(en) Interview with a member of Black Autonomy

Martin Howard (Martin.howard@qnet.org.uk)
Wed, 26 Nov 1997 22:46:55 -0800

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The following is from Black flag issue 212. It is an interview with a member of Black Autonomy from Atlanta who visited London during the summer. A hard copy of BF can be obtained from BM Hurricane, London WC1N 3XX or via AK Distro.

Recently, we met a member of Black Autonomy visiting London. Sister Nora is a student in Atlanta. We began by asking about the lockdown of poor black communities that occurred during the 96 Olympics in Atlanta. Nora: During the Olympics, thousands of homeless people were evacuated out of the city, and loads more arrested for no good reason, some spending months in jail. The police were everywhere, though people in Atlanta are used to seeing them as Georgia is a police state. Most working class people had jobs, but many in the African American community set up venues in a historic part of town. The police and city council conspired to direct traffic away from them, and many were ruined.

BF: Were there any protests during the Olympics? Nora: There was no protesting or boycotting - the police stopped it all, using anti-terrorism laws. The city returned to normal after the Olympics, but they beefed up police security, with lots of roadblocks. People in Atlanta think this is normal, they are used to it. The police are very brutal. In 1995 they killed Brother Jerry Jackson, shot him dead in cold blood. The officer who did that hasn't even been prosecuted or brought to trial. In August 1996, Sister Olabumi Chavious was brutalised by police after someone jumped into her taxi. The police officer involved slammed her face into the pavement and refused to call a doctor despite the pleas of witnesses. Police harassment is constant. There is little done to counter it, old organisations like the NAACP have a lot of meetings, banquets and so on, but they don't DO anything. The situation for poor people is one of high rents, high gas and electric, high reconnection fees if you're cut off.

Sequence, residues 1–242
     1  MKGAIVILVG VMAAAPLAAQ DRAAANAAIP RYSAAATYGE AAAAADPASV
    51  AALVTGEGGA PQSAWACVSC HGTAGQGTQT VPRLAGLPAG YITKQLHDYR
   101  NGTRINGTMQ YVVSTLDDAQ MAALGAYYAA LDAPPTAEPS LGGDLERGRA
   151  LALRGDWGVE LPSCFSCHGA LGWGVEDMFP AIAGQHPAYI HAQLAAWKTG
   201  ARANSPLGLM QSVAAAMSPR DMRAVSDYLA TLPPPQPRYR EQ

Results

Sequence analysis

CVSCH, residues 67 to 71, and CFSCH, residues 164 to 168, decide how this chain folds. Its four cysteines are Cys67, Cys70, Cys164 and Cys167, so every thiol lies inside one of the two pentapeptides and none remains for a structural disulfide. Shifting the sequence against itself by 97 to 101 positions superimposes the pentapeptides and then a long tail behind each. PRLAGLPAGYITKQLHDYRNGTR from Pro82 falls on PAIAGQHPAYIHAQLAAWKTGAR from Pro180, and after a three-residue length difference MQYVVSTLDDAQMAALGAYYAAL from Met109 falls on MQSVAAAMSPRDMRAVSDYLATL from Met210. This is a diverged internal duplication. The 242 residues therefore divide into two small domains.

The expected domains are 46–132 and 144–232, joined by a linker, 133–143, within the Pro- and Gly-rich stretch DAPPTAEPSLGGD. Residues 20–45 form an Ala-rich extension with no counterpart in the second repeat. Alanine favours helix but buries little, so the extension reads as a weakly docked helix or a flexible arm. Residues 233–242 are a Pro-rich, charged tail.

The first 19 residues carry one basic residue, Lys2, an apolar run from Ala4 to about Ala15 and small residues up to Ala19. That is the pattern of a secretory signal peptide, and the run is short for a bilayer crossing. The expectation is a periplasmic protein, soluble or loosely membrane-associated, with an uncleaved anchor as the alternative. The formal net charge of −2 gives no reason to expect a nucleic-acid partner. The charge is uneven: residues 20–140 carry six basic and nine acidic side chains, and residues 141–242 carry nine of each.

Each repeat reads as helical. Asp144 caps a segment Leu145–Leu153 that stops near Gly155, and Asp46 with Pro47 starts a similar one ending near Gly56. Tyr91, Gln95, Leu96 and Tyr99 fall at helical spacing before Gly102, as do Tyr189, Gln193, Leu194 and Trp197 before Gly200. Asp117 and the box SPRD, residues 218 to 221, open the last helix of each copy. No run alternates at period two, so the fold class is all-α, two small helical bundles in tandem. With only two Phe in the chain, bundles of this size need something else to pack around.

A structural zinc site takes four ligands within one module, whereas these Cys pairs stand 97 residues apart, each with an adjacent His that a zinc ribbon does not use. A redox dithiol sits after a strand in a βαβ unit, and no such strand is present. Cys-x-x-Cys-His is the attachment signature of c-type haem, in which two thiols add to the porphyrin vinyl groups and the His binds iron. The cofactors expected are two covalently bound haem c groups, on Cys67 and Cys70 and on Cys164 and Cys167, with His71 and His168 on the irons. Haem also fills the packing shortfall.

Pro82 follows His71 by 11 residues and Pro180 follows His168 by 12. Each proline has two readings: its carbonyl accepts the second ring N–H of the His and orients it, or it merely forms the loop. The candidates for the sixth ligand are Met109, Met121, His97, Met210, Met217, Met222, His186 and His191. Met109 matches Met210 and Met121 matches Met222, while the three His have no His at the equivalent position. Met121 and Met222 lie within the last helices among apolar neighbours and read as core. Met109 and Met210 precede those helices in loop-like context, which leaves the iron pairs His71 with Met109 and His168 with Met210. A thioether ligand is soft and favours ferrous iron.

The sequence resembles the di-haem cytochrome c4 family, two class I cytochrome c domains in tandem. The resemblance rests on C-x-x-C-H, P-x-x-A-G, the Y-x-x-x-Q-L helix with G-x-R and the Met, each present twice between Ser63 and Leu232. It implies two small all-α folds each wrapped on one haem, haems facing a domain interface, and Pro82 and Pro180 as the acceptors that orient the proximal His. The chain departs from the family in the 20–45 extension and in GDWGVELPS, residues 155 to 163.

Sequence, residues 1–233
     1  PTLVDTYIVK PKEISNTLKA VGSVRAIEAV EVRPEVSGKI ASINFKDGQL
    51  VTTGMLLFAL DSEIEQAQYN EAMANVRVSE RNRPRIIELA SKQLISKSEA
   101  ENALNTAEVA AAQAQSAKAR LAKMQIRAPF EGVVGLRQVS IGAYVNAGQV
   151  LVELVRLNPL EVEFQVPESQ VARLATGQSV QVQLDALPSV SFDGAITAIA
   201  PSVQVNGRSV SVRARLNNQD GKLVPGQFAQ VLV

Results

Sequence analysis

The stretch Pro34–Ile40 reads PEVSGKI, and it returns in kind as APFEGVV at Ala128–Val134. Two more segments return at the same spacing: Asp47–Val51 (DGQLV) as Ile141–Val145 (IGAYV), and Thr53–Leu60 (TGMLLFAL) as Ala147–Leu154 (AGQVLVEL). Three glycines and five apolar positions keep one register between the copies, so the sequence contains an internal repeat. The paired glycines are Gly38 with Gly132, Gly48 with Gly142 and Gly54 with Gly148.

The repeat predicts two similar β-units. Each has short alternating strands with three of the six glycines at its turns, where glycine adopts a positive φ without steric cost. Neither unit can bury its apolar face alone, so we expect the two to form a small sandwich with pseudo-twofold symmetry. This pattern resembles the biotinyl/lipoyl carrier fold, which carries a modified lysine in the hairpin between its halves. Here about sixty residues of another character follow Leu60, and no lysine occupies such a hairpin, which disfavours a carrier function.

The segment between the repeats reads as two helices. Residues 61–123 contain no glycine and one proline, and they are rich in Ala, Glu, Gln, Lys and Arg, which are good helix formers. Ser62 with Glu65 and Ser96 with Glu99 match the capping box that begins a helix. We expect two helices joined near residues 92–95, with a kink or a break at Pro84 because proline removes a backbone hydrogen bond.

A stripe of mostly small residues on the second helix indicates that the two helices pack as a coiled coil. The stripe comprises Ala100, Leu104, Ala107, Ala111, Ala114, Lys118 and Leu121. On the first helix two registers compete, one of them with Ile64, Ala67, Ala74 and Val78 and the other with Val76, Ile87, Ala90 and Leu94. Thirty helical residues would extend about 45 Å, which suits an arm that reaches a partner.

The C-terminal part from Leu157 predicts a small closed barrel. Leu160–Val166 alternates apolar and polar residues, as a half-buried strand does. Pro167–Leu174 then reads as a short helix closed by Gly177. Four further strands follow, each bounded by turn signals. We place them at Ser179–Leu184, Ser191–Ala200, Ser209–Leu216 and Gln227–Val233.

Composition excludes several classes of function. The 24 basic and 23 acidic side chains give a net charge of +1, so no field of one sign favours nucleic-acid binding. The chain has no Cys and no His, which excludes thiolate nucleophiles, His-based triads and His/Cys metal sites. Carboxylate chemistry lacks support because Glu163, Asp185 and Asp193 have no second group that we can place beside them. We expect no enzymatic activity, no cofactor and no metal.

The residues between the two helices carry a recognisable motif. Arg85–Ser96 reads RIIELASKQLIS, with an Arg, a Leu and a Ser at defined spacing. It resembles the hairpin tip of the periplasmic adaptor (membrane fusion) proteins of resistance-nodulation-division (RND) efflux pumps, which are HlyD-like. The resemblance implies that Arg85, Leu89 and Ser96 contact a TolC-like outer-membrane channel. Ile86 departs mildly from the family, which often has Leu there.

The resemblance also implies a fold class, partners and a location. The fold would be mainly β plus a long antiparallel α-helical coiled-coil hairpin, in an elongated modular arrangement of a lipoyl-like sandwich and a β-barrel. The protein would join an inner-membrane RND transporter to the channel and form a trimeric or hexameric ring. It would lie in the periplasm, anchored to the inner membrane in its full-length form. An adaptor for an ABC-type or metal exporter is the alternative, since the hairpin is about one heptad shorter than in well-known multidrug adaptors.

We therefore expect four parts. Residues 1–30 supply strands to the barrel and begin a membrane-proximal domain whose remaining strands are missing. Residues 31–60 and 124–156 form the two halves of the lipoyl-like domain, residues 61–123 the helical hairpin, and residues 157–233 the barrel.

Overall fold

BF: What sort of opposition is there to this? Nora: There's very little, none really. The middle class are very afraid of the poor working class, and the poor are caught up in materialism. Many can't read, do math, and are so called third generation welfare. No one on the campuses is working with the poor, the only community oriented organisations are very middle class. In many places the police run the communities. One particular squad, the "Red Dogs" run the drugs industry. The projects are very bad, in one a baby choked on a cockroach and died. the ghettos are starved of resources, and this is in a black run city. At my school there was no heating, and I ended up going to a white high school. The Atlanta education system is one of the worst in America.

BF: What about police involvement in the drugs trade? Nora: They are famous for it, especially the Red Dogs who break into peoples' homes. There are some projects where it has now been proved that the government brought crack into them, because certainly no one there could afford it. Most police are black, the whites tend to live in the suburbs. The biggest problem is the lack of education, the leftist organisations are afraid of the black working class themselves.

BF: What about the Nation of Islam and their drug programmes? Nora: The NOI is very strong in Atlanta, and Farrakhan is a demigod to them, though they don't do anything political here. The Million Man March was well organised by the NOI but nothing came from it. Their next plan is the Million Woman March, out of Philly. The Communist Youth Brigade are active on campuses but won't touch the black working class. The NOI fill the vacuum that ought to be filled by leftist organisations with things like the breakfast programmes and drugs work. With the NOI, this tends to be individuals do this work, and the Nation rallies round, though some Ministers have been expelled where they did a lot of work with the working class. It is a good escapist organisation for people without self-discipline.

BF: Is there a way out of it? Nora: It needs education, the kids feel there's something wrong but don't know what. There are various organisations which do literacy programmes but they don't address where people are coming from. A lot of the kids don't feel they can do anything for themselves, and there are a lot of measures against them, like curfews.

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